Title goes to 18-year-old from Manitoba
Evidently the Prairies are not as flat as weve been led to believe.
Stacked against some of the top freeskiers in the world, legends like Candide Thovex and Philippe Belanger, Manitobas Jordan Monk came up huge to win the Garnier Fructis World Skiing Invitational Superpipe contest on April 20.
With the jam contest three-quarters over and Candide Thovex looking untouchable in the lead, the 18-year-old from Winnipeg put together a run that will have the other skiers talking and shaking their heads for quite some time. His first hit on that run was a corked 900, and his last was a huge corked 1080 three complete rotations with a switch landing. The number of rotations, the amount of air thats required, and the fact that the skier has to land backwards when all is said and done makes the 1080 one of the most difficult tricks for skiers in the halfpipe.
A number of competitors attempted the 1080 but Monk, who has a freestyle skiing background, was the only skier to stick it.
The judges awarded Monk 177 points for that effort, five points more than Thovex, and six more than Philou Poirier.
"Everybodys representing the West Coast or the East Coast and Im from the prairies, right in the middle so it was kind of cool to come out here and do well," said Monk, who had to qualify in order to make it into the finals.
He was first in the qualifier, and kept building on that momentum throughout the contest.
"I wasnt expecting too much, really. I just wanted to ski well and hopefully finish somewhere in the top 10. I really wanted that 1080, so when I got it I was the happiest guy around. I wasnt thinking about winning, just landing that jump."
Monk said he had some difficulty getting used to riding a slushy pipe at first, but after a few runs he decided he liked the softer landings.
"Im used to it being really cold and basically skiing on ice," he said. "This was nice, but it was totally different for me. It was definitely the biggest result of my career.
"Everybody is really pushing the sport a lot, which was cool to see."
Thovex, who hails from France, showed why he is considered to be one of the best in the world with a run that included back-to-back 900s, a flare, a D-spin, and some big air.
Third place went to Philou Poirier, the winner of the 2000 World Skiing Invitational, who put together two 900s, one corked and the other a misty flip.
Phil Belanger was fourth with his spins and airs, and Whistlers Chris Turpin fifth with the days only switch takeoff and landing, with a full inverted rotation in between.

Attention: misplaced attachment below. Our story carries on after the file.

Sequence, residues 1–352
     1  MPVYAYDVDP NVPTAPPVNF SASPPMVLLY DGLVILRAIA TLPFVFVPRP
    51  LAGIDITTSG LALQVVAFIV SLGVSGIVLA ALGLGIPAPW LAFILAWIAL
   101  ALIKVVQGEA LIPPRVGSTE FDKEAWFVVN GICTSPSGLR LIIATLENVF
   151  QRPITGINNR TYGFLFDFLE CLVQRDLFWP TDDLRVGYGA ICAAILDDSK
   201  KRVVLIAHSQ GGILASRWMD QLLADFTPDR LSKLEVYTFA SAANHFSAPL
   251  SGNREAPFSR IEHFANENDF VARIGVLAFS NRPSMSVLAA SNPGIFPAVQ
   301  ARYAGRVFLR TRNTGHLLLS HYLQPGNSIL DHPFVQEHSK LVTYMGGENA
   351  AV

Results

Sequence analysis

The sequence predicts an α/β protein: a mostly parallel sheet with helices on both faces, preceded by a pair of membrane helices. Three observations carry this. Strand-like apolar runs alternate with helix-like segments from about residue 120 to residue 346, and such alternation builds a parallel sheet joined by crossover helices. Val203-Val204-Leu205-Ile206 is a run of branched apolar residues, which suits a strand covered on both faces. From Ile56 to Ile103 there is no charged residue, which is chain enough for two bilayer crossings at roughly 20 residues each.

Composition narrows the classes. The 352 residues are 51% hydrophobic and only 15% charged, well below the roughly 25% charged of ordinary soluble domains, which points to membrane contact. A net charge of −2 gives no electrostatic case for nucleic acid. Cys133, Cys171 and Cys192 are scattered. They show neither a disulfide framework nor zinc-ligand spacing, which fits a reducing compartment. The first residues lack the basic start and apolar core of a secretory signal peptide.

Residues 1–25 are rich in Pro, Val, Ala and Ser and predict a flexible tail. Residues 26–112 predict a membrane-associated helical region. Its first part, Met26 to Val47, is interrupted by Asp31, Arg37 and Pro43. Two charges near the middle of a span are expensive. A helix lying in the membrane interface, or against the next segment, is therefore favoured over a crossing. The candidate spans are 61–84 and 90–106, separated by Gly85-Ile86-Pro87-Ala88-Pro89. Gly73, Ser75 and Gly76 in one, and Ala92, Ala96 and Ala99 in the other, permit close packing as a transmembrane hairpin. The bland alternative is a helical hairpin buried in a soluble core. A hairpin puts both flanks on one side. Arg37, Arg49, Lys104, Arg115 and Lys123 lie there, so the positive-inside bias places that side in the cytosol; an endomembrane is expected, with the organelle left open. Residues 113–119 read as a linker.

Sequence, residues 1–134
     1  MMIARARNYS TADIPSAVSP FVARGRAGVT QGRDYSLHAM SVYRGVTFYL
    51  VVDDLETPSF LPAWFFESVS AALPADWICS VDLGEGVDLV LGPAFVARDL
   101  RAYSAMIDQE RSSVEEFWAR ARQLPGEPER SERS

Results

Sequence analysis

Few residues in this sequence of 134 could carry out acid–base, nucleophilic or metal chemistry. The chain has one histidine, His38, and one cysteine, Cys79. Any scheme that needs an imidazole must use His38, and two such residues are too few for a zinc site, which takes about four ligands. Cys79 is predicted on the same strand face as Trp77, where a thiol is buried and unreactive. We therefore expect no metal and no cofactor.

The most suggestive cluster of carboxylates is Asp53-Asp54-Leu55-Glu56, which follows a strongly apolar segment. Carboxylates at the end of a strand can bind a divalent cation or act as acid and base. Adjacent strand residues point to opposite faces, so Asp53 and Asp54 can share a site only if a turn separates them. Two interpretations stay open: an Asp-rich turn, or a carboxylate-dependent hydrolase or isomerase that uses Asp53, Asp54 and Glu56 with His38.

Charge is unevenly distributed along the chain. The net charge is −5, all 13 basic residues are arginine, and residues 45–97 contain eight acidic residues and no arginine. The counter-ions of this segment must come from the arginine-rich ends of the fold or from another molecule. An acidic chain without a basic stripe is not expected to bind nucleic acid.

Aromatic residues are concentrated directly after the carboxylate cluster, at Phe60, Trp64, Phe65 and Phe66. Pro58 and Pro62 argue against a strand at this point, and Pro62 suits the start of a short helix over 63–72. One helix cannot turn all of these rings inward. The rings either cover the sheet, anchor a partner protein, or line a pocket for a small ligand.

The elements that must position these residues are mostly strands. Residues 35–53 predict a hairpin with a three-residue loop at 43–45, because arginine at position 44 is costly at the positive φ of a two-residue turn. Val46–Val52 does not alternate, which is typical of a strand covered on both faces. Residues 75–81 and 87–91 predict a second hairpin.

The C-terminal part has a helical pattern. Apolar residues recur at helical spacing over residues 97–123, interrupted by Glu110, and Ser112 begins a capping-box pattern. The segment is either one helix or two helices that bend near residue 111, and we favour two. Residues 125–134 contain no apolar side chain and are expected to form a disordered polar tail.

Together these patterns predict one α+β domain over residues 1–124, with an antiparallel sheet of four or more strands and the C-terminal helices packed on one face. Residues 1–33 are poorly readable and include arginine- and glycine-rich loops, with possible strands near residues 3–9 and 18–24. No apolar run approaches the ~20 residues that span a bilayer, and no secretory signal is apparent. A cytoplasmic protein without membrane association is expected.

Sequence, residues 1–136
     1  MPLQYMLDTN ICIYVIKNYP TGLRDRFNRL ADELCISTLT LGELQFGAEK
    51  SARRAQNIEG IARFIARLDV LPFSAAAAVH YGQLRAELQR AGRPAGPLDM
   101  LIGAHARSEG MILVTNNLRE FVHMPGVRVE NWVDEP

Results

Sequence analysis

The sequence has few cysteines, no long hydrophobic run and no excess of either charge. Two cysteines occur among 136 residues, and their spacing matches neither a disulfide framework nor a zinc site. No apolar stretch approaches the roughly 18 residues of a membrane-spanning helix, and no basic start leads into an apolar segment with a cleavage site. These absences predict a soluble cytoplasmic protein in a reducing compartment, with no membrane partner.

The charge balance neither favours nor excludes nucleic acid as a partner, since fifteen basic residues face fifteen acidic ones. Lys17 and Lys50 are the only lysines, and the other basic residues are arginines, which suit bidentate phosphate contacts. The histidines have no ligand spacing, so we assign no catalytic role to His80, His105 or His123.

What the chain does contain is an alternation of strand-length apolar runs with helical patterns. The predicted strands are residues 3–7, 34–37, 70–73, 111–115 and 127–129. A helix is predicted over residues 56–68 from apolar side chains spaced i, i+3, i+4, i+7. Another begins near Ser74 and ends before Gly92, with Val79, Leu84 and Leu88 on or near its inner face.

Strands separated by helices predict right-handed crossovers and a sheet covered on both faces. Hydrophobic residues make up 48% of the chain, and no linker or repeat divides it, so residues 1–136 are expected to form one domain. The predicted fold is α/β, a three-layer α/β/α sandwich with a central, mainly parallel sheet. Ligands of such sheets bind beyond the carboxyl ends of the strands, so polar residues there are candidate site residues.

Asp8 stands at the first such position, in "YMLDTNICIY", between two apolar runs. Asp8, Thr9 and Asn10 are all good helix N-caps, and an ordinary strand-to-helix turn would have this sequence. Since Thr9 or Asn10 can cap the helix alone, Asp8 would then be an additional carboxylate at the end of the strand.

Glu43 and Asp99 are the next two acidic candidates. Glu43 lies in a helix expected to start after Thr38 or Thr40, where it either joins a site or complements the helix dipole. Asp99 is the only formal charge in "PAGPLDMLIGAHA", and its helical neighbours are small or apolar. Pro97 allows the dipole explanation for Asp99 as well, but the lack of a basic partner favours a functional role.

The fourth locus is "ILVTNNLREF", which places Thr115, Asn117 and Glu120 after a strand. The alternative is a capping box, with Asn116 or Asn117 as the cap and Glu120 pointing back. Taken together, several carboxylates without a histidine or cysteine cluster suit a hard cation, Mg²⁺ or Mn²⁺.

The superpipe contest also gave us a glimpse into the not-too-distant future as a couple of younger skiers put on a show. Simon Dumont, just 15 years old, was launching more than 12 feet out of the pipe on a regular basis, and clearing more than 20 feet of ground between his takeoffs and landings. Whistlers Kye Petersen, who is only 12-years-old, was getting upwards of 10 feet out of the superpipe himself, but was slightly injured while attempting a huge corked 900 at the tail end of an impressive run.
All of the competitors managed to get in at least one solid run leading up to the SuperHit competition, where athletes voted on the best jump of the day. Eighteen-year-old David Crichton, the winner of the slopestyle last year, was landing huge D-Spin 720s and 900s to collect the most votes.
Chris Turpin, Simon Dumont and Mark Abma got into a big air competition in the pipe, with Turpin launching up to 15 feet in the air and covering more than 40 feet of ground on one attempt. He landed switch on another attempt, and showed off the switch takeoff a few more times. Monk attempted to go for a personal best 1260 spin, but had trouble with the landings.
Prior to the mens competition there was a womens demonstration event. Sarah Burke landed the 720, Candice Drouin went big, Jaime Sundberg was consistent with her spins, and Jessica Bennie landed spins, grabs and other tricks on the way down.
"This is the best Superpipe competition that weve (the skiing industry) done so far," said Josh Loubek, head judge for the competition and a former competitive skier.
"Everything worked today the weather, the jam format which was a jam in the true sense of the word with two or three riders in the pipe at all times, and the incredible pipe conditions. Its the end of the season and the skiers were just going for it with huge airs."
Monk won $10,000 for his efforts; Thovex won $5,000 and Poirier $2,500. Crichton won $5,000 for the SuperHit contest. A total of $55,000 was up for grabs at the World Skiing Invitational.